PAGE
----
LEADERSHIP: Top 4 Delegation Myths

This is an area riddled with opportunity for failure. Many managers are indecisive about when to take something on themselves or to hand the task to their team. INDECISION in this area, can lead to problems as surely as making the WRONG decision. As a result, many managers will choose to perform the task themselves and inevitably drop the ball on other priorities.


There are some basic myths about delegation that we can eliminate in order to keep us out of trouble.


  1. “I can do it myself more quickly than it will take to train someone else.”

That may be true, but how many times can you afford to do it yourself? It makes little sense to hire a team and then refuse to let them do their jobs. Is it really about efficiency or is it more about maintaining control? Doing everything yourself doesn’t make you a great leader. It just makes you really tired.


  1. "They won’t do as good a job or they won’t do it like I would."

They may NOT do as good a job as you would. Was your execution perfect the first time you performed the same task? How will your team evolve if you don’t assign them tasks that stretch their abilities and foster their growth? They may not necessarily do it the way you would, but is that really a requirement? Is your way the only way to achieve the desired outcome? Great leaders achieve higher levels of success when they trust and empower their team to get things done.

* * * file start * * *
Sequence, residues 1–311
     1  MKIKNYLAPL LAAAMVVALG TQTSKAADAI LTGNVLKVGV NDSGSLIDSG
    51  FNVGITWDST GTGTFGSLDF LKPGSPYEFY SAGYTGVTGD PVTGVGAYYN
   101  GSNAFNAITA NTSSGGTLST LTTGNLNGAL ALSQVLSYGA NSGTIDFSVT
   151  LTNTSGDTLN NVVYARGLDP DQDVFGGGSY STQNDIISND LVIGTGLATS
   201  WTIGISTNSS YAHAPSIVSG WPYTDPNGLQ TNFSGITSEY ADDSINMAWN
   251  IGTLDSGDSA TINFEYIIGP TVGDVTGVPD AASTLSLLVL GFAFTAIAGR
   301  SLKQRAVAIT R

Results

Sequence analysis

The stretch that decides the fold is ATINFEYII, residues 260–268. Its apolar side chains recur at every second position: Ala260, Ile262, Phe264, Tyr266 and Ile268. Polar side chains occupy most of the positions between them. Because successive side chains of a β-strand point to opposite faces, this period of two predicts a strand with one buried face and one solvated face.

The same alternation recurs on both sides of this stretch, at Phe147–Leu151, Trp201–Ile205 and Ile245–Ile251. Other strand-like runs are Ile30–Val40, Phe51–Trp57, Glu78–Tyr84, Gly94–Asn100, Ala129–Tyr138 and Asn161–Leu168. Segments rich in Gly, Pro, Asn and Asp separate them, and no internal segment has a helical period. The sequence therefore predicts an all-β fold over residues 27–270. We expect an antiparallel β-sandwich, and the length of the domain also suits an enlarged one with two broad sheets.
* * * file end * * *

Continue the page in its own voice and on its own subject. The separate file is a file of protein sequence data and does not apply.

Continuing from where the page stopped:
Delegation is having the courage to give up control of a critical task in order to foster efficiency and team growth.”


  1. "Good leaders are willing to “roll up their sleeves” to get the job done."

That’s absolutely true on a basic level, but let me ask you one question. While you’re busy rolling up your sleeves, and “getting it done,” who’s steering the ship? A good leader is willing to do whatever it takes to get the job done, but spending too much time at the tactical level is a recipe for failure. While you’re busy washing dishes, who’s greeting the customers, or ensuring orders are filled?

  1. "I lead by example. I want to show my team that I’m willing to get my hands dirty."

It’s admirable to “work in the trenches” with your team but sustained immersion in tactical activity can create a different kind of problem. Your team needs you to provide direction, to remove obstacles, to coach, encourage and reward them. We’ve discussed in separate training the need to “live in your teams’ environment” but if you are performing the same tasks along with them on a regular basis there’s probably something else you are not doing. Leading by example is more about integrity and personal behavior than performing the same role as your team day in and day out.


To summarize, all of these things aren’t fundamentally wrong, but they are often overused to the point of being detrimental to team engagement. Teamwork is about engaging others to efficiently complete a task. You can’t get there without delegation.

Wrap up:

So that covers some of the delegation myths that prevent managers from being great leaders. Keep an eye out for part 2 on delegation where we’ll cover the top 3 questions you can ask yourself to determine whether “to delegate or not to delegate”.


Do you agree? Let me know what you think. I would love to hear your unique perspective.


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